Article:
March 2011: The 5 Worst Video Media Disasters

Bombings! Bigots! Breakups! Broadcasting Executives!

That over-heated alliteration can mean only one thing: It’s time for the five worst video media disasters of March!

Here are this month’s top five media disasters, in descending order:

#5: General David Petraeus’ Bombing Joke

In a scene reminiscent of Ronald Reagan’s controversial joke about bombing the Russians in five minutes, General David Petraeus greeted U.S. Defense Secretary Robert Gates to Afghanistan earlier this month with a joke of his own.

Petraeus asked, “Flying a little bigger plane than normal – you gonna launch some attacks on Libya or something?” “Yeah, exactly,” Gates responded, as both men laughed. Little did they realize that a news microphone was listening in.

The quip was cringe-worthy at the time, but turned out to be prophetic. The U.S. joined attacks on Libya just two weeks later.

4. Newt Gingrich Explains His Divorces

You have to give likely 2012 GOP presidential candidate Newt Gingrich credit. He knew he’d have to explain to socially conservative voters why he cheated on and left his two sick wives.

But it was impossible to predict he’d blame his behavior on his overwhelming love for America. By his logic, a presidential candidate who cheated on and left seven wives would be even more qualified to lead.

Click here to see my full analysis of this incident, “Bad Apologies Are Worse Than No Apologies.”

#3: Domestic Abuser Chris Brown Grows Up. Or Something.

Singer Chris Brown, who was convicted of beating his then-girlfriend Rihanna in 2009, appeared on ABC’s Good Morning America to promote his new album. But Brown got edgy when anchor Robin Roberts asked him about the case.

“It’s not really a big deal to me now,” said Brown, apparently unconcerned that people might still hold the fact that he beat a woman against him. He then talked about “going through everything I went through,” making clear he sees himself as the primary victim.

But the real action came after the interview, when he threw a tantrum so severe that scared ABC staffers called security. Oh, and he threw a chair through a window in his dressing room, endangering pedestrians on the sidewalk below. Charming.

#2: Herman Cain and Neil Cavuto Talk About The Unpatriotic American Muslims

There is a beautiful poem by a German pastor inscribed on the walls of Washington, D.C.’s Holocaust Museum. It reads:

“They came first for the Communists, and I didn’t speak up because I wasn’t a Communist.

Then they came for the Jews, and I didn’t speak up because I wasn’t a Jew.

Then they came for the trade unionists, and I didn’t speak up because I wasn’t a trade unionist.

Then they came for the Catholics, and I didn’t speak up because I was a Protestant.

Then they came for me, and by that time no one was left to speak up.”

I cite that poem because possible GOP candidate Herman Cain, a Tea Party darling, smeared all American Muslims by saying he would likely not allow a Muslim in his cabinet:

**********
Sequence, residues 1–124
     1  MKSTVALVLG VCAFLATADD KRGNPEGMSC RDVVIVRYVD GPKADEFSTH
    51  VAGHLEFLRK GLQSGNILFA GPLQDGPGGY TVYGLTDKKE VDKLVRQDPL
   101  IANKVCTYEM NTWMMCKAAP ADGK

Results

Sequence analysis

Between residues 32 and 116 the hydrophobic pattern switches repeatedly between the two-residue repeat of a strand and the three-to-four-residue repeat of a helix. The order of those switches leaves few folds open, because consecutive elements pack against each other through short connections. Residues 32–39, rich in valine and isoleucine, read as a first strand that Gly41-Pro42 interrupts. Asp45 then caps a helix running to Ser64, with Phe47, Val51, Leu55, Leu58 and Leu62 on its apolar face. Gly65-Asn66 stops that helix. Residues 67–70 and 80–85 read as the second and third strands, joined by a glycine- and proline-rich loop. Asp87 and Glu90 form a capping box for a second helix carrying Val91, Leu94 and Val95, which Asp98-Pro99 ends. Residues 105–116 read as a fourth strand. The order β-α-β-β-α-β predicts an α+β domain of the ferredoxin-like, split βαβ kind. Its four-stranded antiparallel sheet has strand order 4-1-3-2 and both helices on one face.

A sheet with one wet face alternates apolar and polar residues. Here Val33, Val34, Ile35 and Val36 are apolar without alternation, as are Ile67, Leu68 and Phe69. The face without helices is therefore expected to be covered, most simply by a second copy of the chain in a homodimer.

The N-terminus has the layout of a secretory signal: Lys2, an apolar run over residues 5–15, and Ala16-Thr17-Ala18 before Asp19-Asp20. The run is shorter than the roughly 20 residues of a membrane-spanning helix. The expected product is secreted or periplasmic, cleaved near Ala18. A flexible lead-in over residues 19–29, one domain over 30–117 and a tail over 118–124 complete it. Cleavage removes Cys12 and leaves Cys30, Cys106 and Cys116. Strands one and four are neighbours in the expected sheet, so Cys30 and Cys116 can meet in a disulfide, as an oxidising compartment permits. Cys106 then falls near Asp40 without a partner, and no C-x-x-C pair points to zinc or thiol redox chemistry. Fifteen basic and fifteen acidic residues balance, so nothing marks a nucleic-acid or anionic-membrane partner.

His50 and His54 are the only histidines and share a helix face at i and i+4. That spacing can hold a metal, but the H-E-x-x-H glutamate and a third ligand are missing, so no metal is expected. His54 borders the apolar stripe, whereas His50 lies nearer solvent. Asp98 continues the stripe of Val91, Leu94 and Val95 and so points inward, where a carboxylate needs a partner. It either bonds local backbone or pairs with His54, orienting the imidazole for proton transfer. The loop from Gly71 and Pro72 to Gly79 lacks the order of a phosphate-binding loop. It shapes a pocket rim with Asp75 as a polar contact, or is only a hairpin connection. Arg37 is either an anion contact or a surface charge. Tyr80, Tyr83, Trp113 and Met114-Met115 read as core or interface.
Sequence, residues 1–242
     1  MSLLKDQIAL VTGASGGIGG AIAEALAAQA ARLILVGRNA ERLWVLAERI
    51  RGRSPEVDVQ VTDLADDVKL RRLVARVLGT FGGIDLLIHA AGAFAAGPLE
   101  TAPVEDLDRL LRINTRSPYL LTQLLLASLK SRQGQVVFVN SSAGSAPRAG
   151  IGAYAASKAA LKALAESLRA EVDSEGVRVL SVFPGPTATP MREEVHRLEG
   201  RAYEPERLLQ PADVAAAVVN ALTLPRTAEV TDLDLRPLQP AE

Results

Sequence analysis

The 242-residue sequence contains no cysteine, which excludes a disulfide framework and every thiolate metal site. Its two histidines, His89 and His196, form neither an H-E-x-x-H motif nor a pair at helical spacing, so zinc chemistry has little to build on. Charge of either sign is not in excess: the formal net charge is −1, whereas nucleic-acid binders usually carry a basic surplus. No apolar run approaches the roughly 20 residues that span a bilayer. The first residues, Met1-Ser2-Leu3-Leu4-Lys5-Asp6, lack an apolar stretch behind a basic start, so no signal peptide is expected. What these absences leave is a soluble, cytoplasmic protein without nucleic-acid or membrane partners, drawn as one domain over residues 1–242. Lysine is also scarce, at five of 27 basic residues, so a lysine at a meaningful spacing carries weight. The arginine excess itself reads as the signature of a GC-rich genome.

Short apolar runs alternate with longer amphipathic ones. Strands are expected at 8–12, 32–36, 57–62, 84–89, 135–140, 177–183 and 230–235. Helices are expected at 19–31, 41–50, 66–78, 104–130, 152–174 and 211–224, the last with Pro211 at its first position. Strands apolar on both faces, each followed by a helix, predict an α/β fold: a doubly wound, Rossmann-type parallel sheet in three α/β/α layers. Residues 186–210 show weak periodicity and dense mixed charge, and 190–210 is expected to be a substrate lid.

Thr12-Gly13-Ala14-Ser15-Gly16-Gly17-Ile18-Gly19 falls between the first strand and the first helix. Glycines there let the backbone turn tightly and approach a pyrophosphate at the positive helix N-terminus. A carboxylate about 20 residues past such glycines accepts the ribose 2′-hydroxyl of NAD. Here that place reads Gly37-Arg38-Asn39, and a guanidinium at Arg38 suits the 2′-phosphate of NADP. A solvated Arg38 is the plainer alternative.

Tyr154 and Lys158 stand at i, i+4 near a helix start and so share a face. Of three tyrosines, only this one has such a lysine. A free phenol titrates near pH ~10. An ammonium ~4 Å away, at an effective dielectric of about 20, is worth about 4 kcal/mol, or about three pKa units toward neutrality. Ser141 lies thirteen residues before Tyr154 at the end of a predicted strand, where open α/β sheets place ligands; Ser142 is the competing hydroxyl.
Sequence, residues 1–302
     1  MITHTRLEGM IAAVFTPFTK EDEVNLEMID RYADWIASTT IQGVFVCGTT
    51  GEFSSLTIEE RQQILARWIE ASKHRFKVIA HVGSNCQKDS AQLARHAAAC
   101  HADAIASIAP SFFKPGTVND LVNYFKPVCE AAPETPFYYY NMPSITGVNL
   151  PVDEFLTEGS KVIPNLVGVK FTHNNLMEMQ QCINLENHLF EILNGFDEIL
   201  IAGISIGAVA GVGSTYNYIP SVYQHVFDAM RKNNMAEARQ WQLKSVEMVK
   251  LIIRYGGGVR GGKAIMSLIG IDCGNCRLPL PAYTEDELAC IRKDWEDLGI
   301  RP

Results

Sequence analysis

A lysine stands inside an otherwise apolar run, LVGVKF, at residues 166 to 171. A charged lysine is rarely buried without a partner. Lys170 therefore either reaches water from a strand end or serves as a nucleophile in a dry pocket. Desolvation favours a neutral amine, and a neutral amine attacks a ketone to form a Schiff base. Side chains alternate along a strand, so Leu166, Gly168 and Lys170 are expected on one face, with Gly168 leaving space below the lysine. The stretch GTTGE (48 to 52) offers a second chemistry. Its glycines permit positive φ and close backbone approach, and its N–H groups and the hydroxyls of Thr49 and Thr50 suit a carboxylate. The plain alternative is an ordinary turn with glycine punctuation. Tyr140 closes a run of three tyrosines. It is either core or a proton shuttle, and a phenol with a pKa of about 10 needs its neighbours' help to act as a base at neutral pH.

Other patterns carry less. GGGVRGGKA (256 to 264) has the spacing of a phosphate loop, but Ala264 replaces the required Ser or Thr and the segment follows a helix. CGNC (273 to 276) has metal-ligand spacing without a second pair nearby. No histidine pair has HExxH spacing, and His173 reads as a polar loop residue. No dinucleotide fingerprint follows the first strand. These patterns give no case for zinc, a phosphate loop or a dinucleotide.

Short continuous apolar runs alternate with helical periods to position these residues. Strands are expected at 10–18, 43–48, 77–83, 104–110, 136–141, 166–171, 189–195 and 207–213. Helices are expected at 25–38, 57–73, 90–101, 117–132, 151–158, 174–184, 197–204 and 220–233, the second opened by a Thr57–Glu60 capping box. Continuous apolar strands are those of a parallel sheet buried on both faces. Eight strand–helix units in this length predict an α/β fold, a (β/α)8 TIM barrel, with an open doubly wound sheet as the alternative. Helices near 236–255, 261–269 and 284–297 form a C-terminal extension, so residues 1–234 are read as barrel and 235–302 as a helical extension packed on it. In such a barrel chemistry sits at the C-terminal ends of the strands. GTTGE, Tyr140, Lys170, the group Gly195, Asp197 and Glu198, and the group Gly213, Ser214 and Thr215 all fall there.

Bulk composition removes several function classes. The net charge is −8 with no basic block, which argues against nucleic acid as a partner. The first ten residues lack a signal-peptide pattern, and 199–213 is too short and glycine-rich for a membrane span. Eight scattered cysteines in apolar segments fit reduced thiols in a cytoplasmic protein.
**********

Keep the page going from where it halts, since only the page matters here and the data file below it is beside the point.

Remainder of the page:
“I would have to have people totally committed to the Declaration of Independence and the Constitution of this United States. And many of the Muslims, they are not totally dedicated to this country. They are not dedicated to our Constitution. Many of them are trying to force Sharia law on the people of this country.”

So, I’m speaking up. Do a few extreme American Muslims meet his criteria? Sure. But his dangerous fear-mongering goes well beyond a radicalized few and smears an entire group of patriotic Americans. Worse, anchor Neil Cavuto treats Cain with kid gloves, seeming to regard Mr. Cain as that loveable uncle who occasionally goes a bit too far.

The number two slot is shared equally between Herman Cain and Neil Cavuto this month.

#1: NPR Fundraiser Ron Schiller Blasts Republicans and the Tea Party

Chief NPR fundraiser Mr. Schiller went to lunch with a couple of men claiming to be Muslim donors. It turned out they were Republican activists with a hidden camera.

During the lunch, Mr. Schiller shared his views of the Tea Party:

“Basically, they believe in white, middle America, gun-toting — it’s pretty scary. They’re seriously racist, racist people.”

It’s rarely a good idea to brand an entire group as racist. That he generalized about the motives of an entire group of people was bad enough, but that he did it while NPR was in the midst of an already heated debate about its public funding was flabbergasting. His comments not only led to his immediate resignation, but the resignation of NPR’s CEO, as well.

And his comments directly led to the House of Representatives voting to strip NPR of its federal funding. The Senate will probably prevent that from happening, but NPR’s P.R. woes will continue.

Click here to see my full analysis, “If You Don’t Want It In Print, Don’t Say It At All”

Okay, so this was a heavy month. Here’s a fun bonus!

BONUS: Former Senator Doesn’t Like That Darn Rap Stuff

Former Senator Alan Simpson, who served on President Obama’s entitlement commission, appeared on the Fox News Channel to talk about Social Security and Medicare reform. But he went slightly off-message with a cranky pants rant that made him look more like Grandpa Abe Simpson than Senator Alan Simpson.

Note to grandparents: It’s always going to be funny if you think Eminem is called “Enema Man” and Snoop Doggy Dogg is known as “Snoopy Snoopy Poop Dog.”

BONUS, PART TWO: If you like the Enema Man as much as Sen. Alan Simpson’s grandchildren, here’s a music video. (Not suitable for work)

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April 4, 2011: Weigh In On Our Question Of The Week: How Do You Control Fear When Doing Public Speaking?

April 3, 2011: The Five Things I’d Tell GoDaddy’s CEO About His Elephant-Killing Crisis Right Now